Mesh Networks & Earthquakes
I grew up in the Northwest, despite the recent heavy migration to the upper left, I love it and in all my travels still have not found a place I would rather live. But I’ll be the first to admit that after reading Kathryn Schulz’s recent investigative report into the Cascadia subduction zone for the New Yorker, the only thing I wanted to do was go home and curl up in a ball of fear. So I did for a minute. Then I looked out my living room window to what would be a prime view of the tsunami rolling over the peninsula toward Seattle—and I wanted to be a part of the solution.
Were a major natural disaster to happen today, I’m not going to fly toward an oncoming asteroid and try to nuke it out of the way of the planet, I’m no Bruce Willis. But as a designer and a technologist surrounded by a gaggle of even smarter folks here at Thomas Street, we realized that what we can contribute is of the same value to the community. If everything is broken, all I want to know is whether or not my people are safe and where I can find supplies. So to aid in that need, we believe there is a role for a civilian mobile ad hoc network that allows real-time communication during the first 72 hours after a disaster and only relies on a cheap robust device (that we want to make) with support from the smartphone you already have.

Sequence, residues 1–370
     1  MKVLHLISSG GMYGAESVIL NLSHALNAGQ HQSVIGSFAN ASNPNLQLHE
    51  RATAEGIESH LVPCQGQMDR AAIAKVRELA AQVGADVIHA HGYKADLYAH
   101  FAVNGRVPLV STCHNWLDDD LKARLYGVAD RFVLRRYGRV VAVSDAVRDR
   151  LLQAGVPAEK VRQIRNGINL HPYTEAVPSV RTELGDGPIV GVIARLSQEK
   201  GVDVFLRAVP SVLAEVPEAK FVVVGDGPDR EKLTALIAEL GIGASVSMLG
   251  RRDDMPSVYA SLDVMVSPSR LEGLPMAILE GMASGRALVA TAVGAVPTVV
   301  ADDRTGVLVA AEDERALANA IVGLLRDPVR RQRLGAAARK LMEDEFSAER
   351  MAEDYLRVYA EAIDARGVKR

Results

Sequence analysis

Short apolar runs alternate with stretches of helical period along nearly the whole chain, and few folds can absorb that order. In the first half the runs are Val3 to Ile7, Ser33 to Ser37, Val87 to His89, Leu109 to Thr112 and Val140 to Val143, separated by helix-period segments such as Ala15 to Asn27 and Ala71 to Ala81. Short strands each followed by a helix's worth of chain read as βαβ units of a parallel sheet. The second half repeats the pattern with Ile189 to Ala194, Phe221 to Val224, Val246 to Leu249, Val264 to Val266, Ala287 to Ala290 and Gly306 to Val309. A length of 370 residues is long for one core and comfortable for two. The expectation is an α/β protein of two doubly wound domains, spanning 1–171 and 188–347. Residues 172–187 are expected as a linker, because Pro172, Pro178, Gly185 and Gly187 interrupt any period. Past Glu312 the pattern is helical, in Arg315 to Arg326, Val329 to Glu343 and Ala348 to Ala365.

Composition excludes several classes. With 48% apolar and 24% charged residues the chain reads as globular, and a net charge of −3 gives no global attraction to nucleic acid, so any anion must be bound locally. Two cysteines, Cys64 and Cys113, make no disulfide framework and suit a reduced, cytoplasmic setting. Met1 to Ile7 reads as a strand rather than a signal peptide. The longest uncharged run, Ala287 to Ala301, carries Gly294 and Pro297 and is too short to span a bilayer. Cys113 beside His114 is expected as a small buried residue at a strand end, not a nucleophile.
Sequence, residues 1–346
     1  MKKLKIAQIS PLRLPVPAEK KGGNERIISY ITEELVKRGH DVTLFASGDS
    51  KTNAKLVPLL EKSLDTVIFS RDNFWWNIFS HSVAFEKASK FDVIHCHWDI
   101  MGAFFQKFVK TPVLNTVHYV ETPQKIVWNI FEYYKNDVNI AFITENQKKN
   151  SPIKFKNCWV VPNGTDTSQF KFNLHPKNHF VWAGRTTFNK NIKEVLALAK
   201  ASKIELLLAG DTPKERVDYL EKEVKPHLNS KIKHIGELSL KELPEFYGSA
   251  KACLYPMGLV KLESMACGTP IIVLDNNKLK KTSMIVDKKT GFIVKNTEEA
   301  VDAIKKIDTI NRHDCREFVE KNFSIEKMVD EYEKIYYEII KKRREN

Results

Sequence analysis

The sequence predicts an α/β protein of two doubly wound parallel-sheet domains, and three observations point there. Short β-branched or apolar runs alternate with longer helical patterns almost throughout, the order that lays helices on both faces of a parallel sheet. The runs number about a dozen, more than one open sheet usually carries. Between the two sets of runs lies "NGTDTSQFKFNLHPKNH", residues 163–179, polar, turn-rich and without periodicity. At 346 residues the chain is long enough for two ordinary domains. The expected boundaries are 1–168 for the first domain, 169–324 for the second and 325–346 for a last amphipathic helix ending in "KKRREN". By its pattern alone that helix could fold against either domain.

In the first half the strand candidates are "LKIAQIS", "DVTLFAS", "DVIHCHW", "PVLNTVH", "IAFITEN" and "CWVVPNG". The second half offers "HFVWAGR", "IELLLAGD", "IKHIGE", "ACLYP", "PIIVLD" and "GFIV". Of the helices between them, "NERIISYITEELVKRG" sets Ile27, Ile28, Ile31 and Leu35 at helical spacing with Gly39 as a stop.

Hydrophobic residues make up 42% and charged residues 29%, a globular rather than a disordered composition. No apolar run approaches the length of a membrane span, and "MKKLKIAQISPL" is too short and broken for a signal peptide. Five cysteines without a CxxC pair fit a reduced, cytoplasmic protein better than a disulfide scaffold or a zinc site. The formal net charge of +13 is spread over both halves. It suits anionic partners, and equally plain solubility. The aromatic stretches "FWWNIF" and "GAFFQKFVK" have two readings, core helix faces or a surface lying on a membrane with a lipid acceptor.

A little research into FEMA and it’s clear their role is to keep hospitals running, roads cleared and supplying fresh water, all hugely important things we don’t have much effect on. We want you to help your neighbors, find your family and figure out where people are organizing in your community and open a line of communication to anyone that’s willing and able.
Not that we know all the answers, but to start the conversation is to start the action. Imagine a portable device consisting of a Raspberry Pi, a Ham radio antenna and a kinetically charging battery in a Pelican watertight / shock absorbing case big enough to also to charge a phone. The Raspberry Pi is a computer on a chip that would act as both a sending & receiving mechanism for simple text attached to geolocation coordinates broadcasting over amateur radio frequencies. The more units in play, the further a message can be repeated with each new time two devices come in within range of each other.
We plan on prototyping this earthquake preparedness device along with offering a quick guide to mesh networking and post-quake help. Would you use it? Would you support a kickstarter? Would you build one for your neighborhood?